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  66. My mother always tells me that Each of us are like a universe full of emotions and feelings...we rarely get to really see any of that...but if we do get a small glimpse,we are truly blessed.I feel blessed today,you have shared so much and I feel as though I am seeing you for the first time,with new eyes and I am thankful to know you.
    Some days I feel like I a fake,overembellishing what I can to keep my head above water...fitting into the mainstream,requires me to do so.I'm still learning,like you,to stand firm against the current.
    Everyday is a lesson.
    Today,you are mine.
    Cat

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  67. Oh Kass, I've long ago stopped looking at people and tried to just "see" them. And after combing through your comments its clear to me- you are seen, Kass, we all see YOU! I wish I could just write all the words that would somehow fill you up and help you see how much you matter! Because you do!

    My breast surgeon took my right breast and left a big, squishy mole, more prominent now than ever. He said, its part of who you are and I didn't feel right about taking when we hadn't talked about it. He proceeds to show me a big birthmark/mole on his arm that all of his doctor friends have told him they'd remove. Why? He says, its part of me, and I like me just fine... "warts and all."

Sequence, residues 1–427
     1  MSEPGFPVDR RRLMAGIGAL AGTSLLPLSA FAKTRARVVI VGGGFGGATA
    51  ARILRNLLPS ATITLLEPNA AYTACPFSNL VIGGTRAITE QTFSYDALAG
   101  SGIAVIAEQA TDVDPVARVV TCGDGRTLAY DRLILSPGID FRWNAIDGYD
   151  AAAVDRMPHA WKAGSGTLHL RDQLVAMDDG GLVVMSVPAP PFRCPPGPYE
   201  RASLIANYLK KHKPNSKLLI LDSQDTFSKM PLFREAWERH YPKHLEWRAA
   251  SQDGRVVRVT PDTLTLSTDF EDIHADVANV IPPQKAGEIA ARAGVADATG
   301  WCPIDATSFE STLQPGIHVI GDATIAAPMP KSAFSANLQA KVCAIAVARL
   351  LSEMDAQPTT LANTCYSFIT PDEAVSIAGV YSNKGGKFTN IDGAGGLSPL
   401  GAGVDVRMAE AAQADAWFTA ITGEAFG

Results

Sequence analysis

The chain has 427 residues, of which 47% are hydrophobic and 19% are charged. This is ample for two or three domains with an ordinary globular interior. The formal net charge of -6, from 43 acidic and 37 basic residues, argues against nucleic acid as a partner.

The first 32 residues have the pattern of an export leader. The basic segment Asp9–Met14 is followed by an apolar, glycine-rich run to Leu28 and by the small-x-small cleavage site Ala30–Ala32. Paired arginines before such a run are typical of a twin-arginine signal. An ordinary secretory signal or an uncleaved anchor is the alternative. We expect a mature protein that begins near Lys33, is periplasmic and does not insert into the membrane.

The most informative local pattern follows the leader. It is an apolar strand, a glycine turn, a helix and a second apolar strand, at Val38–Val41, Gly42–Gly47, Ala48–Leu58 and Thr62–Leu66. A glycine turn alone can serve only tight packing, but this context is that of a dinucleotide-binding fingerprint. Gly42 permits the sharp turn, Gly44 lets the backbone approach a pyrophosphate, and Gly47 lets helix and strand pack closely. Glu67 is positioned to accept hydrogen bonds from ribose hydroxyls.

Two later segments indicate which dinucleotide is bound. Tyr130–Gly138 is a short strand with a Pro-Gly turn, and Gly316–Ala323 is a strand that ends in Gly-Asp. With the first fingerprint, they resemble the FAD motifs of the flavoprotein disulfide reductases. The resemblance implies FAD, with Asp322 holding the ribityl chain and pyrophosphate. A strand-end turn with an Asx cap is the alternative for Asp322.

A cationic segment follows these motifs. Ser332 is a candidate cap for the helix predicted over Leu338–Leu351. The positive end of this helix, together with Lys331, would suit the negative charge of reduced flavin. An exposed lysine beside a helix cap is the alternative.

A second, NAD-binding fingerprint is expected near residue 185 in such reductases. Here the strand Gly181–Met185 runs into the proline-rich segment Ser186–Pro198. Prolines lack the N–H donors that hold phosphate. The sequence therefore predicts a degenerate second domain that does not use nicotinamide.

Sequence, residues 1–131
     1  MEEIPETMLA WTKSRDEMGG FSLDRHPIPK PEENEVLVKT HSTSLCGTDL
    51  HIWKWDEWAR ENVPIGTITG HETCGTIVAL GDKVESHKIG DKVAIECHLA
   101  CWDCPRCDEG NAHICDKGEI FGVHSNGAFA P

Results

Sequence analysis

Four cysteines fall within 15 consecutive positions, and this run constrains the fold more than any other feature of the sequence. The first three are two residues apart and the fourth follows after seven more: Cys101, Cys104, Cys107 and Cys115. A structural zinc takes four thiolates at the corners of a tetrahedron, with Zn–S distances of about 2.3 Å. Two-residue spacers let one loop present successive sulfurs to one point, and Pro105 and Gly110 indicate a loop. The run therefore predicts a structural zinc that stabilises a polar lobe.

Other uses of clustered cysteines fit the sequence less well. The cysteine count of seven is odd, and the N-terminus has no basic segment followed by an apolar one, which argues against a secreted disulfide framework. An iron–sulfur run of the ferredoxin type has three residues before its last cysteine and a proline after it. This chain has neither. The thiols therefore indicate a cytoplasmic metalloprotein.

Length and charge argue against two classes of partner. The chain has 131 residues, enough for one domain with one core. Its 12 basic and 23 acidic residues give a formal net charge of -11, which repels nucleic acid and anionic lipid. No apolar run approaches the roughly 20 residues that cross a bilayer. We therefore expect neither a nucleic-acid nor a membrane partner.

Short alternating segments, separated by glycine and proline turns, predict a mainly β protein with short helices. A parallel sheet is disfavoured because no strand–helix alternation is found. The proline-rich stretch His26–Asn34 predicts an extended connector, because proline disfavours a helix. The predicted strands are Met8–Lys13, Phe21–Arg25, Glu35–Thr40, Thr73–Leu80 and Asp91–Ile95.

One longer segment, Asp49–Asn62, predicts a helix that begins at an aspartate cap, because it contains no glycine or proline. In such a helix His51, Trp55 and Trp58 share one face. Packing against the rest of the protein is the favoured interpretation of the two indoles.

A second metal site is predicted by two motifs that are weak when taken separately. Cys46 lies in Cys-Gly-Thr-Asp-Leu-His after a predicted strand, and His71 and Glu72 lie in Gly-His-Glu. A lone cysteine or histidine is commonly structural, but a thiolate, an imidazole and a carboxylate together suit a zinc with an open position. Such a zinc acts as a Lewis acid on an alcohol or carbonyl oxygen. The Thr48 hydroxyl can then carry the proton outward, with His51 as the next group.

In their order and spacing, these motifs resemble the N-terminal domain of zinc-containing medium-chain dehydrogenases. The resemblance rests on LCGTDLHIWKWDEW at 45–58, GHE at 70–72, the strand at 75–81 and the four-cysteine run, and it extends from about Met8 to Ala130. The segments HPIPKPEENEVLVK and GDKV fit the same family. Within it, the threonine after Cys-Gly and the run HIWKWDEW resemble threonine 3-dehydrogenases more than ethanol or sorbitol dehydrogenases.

I wish I could just give you a big hug friend, I really do :) Sending love and blessings your way!

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  68. I've been meaning to come by and thank you for this. beautiful!

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  69. RUBEYE JACK - "I try to talk like the folks around me and to be kind." - This is one of the greatest things I've ever read. Your whole comment, your blog and your comments on other blogs show that you are well on your way to become the writer you want to be.

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  70. KKfs DUDE - Thanks (I think).

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  71. DAVE KING - Thanks. According to some, I'm honest to a fault.

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  72. MARYANNE - Love this quote: "Until you've lost your reputation, you never realize what a burden it really is." :-)

    Love our friendship.

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  73. CAT - Thanks for your response.

    "...overembellishing what I can to keep my head above water." - When I get into my crafts, I call it "sacred puttering." Your work is inspired and sacred.

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  74. VICKY - You continue to amaze me as you deal with your cancer. You are so full of goodness it's hard to imagine that there's room for anything negative. I feel your hugs.

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  75. KIM - Thanks. This post was actually part of the reaction I had to your referral to the blog lady who posts people's reactions to aging. I must contact her.